Andrew McVea Maroon Contributor The Art Institute of Chicago has a very strict no-food policy within its galleries, but, after a long day perusing them, it’s hard not to feel a bit famished. If this is the case, you may want to grab a snack before you head into the new exhibition Art and Appetite: American Painting, Culture, and Cuisine. From sumptuous depictions of peaches to cooks preparing juicy cuts of fish, Art and Appetite piques the mind and the stomach. Upon entering the exhibit, one is greeted by Norman Rockwell’s

famous depiction of the all-American Thanksgiving meal, “Freedom from Want.” Front and center sit the heads of the family, a couple who appears to embody Midwestern family values, as they display a succulent, brown turkey to their attending kin. On the surface it is opulent, with the matriarch of the family struggling under the weight of the bird. However, the painting was made during the early part of World War II, and it reflects the era: Despite the central focus of the turkey, the rest of the table is nearly bare, representing the rationing that a good American family would have been doing during the time.

Across the gallery, “Turkey,” by Roy Lichtenstein, presents a contrasting view on the same subject. “Turkey” features Lichtenstein’s typical pop-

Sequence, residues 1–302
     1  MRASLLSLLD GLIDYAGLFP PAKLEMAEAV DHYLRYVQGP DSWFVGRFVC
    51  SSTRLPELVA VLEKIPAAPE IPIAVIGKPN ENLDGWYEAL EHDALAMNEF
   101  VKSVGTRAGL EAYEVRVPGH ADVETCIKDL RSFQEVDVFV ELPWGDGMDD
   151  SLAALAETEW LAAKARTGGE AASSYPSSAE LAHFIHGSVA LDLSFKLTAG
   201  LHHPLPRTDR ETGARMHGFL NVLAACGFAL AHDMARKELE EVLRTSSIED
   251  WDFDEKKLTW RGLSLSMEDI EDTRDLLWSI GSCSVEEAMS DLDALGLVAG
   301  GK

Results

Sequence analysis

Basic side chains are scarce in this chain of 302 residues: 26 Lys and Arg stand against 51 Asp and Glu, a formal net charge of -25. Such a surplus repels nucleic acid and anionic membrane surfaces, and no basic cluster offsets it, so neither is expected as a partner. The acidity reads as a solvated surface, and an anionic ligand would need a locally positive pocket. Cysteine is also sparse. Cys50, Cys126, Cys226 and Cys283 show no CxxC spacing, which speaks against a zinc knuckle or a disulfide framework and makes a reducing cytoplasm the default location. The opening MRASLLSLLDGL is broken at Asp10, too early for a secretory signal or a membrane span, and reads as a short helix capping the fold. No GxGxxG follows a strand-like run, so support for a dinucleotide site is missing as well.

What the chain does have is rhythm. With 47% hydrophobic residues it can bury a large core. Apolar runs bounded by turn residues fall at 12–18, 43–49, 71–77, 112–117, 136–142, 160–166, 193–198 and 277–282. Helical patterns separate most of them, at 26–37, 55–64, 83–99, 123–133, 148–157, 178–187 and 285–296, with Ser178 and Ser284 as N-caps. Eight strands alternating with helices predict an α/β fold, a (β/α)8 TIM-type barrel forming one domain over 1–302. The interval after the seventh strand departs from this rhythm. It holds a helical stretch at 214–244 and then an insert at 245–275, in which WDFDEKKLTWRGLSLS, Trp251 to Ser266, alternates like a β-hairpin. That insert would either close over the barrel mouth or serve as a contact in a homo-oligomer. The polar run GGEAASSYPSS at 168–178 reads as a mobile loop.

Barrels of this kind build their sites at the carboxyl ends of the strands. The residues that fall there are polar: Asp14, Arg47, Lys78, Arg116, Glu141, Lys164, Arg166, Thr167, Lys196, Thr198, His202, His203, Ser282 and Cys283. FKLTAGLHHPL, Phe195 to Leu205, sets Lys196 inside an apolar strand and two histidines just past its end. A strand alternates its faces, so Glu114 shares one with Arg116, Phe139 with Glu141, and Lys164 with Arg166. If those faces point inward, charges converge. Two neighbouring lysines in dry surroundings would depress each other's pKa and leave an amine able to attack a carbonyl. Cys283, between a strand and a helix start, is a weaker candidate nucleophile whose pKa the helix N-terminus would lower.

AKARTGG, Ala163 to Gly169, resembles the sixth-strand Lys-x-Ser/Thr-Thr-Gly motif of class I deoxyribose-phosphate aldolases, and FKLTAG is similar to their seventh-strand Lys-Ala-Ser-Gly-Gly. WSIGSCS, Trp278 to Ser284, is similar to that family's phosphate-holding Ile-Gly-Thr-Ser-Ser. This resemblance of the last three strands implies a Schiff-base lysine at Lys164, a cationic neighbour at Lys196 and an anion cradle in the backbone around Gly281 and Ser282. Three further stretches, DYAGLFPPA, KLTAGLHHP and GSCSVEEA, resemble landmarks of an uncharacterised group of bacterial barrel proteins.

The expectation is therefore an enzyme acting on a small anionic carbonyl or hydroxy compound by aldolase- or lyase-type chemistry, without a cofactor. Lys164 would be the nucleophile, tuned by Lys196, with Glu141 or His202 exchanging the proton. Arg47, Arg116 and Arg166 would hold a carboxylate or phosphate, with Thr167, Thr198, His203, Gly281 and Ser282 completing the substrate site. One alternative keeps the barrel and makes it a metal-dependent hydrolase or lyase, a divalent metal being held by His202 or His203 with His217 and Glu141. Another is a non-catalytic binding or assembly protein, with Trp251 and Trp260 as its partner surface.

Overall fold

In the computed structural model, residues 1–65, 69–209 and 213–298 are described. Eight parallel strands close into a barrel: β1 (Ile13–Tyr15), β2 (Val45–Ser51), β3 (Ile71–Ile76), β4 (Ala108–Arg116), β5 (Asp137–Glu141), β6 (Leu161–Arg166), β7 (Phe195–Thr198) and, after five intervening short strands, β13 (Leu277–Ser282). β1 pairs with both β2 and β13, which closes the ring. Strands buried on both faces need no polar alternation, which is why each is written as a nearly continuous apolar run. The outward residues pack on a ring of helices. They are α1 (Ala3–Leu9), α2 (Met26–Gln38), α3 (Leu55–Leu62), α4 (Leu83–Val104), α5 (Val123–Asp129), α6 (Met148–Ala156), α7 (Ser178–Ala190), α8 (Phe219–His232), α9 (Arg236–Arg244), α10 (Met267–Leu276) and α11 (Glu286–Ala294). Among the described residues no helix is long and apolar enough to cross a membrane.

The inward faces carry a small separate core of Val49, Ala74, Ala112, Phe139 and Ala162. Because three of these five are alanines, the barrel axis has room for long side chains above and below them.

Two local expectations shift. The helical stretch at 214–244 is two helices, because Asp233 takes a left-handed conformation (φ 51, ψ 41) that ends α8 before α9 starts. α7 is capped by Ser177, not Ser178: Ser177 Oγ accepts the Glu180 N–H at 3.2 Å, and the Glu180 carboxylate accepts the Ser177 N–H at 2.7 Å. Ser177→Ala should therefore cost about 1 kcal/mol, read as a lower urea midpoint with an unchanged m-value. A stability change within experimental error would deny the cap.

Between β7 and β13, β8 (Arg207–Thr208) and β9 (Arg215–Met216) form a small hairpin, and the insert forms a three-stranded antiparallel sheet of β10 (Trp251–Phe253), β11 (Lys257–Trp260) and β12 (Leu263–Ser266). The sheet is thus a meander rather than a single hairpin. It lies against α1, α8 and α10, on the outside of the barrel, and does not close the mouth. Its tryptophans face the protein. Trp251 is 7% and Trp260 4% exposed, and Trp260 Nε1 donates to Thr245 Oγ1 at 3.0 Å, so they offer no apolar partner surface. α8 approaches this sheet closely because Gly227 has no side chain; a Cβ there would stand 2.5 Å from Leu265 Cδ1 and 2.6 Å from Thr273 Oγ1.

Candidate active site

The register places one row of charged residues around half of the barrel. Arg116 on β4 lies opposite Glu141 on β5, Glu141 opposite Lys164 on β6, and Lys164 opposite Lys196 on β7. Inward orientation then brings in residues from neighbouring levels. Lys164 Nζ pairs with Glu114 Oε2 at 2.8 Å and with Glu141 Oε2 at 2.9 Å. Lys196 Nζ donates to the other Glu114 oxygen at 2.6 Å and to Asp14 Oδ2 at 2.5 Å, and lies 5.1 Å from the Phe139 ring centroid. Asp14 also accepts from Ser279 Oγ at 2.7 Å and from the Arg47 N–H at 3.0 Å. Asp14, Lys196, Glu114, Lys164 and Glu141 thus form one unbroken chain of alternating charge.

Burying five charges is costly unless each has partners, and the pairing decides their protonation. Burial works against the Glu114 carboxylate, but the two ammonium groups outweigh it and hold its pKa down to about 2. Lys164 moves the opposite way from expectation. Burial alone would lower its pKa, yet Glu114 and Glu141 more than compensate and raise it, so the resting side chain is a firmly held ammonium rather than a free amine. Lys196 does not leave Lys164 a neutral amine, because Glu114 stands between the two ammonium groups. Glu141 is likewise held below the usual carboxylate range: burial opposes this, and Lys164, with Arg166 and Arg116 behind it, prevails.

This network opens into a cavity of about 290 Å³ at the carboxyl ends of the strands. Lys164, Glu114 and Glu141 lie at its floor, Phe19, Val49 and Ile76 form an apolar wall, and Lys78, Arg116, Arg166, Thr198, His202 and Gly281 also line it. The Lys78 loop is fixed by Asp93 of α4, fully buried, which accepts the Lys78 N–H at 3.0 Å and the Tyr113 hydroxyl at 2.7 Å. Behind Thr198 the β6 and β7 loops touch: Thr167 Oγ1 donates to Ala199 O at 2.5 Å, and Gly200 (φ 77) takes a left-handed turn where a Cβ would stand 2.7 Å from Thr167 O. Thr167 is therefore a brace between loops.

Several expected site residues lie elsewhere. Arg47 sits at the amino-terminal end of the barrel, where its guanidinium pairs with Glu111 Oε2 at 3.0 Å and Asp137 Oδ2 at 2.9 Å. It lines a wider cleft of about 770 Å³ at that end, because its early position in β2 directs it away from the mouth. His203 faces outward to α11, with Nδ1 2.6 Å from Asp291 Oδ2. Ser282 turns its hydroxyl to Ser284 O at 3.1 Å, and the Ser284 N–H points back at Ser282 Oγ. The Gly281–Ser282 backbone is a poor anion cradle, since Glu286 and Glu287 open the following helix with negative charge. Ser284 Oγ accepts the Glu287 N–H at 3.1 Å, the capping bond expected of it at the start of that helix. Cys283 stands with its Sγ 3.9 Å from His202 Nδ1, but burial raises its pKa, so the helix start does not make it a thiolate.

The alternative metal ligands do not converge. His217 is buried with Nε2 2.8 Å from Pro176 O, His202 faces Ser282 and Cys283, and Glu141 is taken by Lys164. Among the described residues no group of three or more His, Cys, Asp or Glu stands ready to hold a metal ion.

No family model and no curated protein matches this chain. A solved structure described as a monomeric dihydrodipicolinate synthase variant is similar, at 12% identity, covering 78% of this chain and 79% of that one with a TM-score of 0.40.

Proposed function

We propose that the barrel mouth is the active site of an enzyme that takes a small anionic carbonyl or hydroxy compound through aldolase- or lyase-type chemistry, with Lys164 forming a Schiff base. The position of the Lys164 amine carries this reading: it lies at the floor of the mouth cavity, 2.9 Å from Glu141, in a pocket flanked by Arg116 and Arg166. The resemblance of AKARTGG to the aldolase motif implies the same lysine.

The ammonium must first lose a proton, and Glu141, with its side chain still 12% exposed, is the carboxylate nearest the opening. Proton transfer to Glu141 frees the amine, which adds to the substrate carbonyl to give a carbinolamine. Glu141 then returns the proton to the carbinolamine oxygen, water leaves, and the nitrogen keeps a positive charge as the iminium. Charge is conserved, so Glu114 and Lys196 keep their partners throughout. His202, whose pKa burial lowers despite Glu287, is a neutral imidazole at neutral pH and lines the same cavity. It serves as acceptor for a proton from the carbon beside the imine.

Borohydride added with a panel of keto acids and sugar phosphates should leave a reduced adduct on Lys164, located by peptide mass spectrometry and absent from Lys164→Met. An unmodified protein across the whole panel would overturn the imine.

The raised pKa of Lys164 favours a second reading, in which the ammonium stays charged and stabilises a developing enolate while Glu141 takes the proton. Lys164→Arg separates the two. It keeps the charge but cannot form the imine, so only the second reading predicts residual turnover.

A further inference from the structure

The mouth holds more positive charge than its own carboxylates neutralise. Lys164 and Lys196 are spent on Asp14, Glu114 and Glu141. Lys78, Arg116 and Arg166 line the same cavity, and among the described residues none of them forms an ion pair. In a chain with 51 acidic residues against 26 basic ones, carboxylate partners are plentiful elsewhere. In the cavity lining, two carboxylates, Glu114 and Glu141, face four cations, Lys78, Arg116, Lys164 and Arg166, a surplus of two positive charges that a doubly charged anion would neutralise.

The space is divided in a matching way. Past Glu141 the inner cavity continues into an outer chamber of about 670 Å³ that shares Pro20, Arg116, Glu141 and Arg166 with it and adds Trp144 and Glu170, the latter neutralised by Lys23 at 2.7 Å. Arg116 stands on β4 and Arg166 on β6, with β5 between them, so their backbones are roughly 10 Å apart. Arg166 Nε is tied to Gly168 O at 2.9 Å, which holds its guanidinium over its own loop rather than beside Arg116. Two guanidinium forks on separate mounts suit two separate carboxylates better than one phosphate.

art style, utilizing Benday dots for shading and a bright, solid yellow for the turkey. Lichtenstein’s painting was supposedly inspired by an ad

for a turkey that appeared in his local newspaper, and it does closely resemble newsprint as it sits flat and monochrome on the canvas. This stark contrast between the familial and the industrial provides an interesting introduction to the rest of the exhibition. After the Thanksgiving gallery, most of the subsequent rooms are ordered according to artistic period as well as content. Beginning with still lifes by early American artists like Raphaelle Peale depicting various horticultural staples, the exhibition charts American history, eventually landing on modern representations of food seen in popular culture and the mass production of prepared food. The paintings that say the most about America’s relationship with its cuisine, such as Edward Hopper’s “Nighthawks,” Wayne Thibauld’s “Salads, Sandwiches, and Dessert,” and a piece from Andy Warhol’s series on Campbell Soup cans appear toward the end in the more modern section. Unfortunately, an excessively large number of paintings in the early part of the exhibit depict bowls of fruit. While the fruit looks luscious, the paintings begin to lose their appeal after a few galleries of similarlypresented bunches of grapes and piles of game. The exhibition is most successful when it focuses on the people eating the food rather than on the food itself—one highlight is a room devoted to the popularity of picnics in the mid-1800s. All of the galleries couple the delicious pictures of food with an interesting look into both the artist’s inspirations regarding the painting and the changing relationship between the American public and food.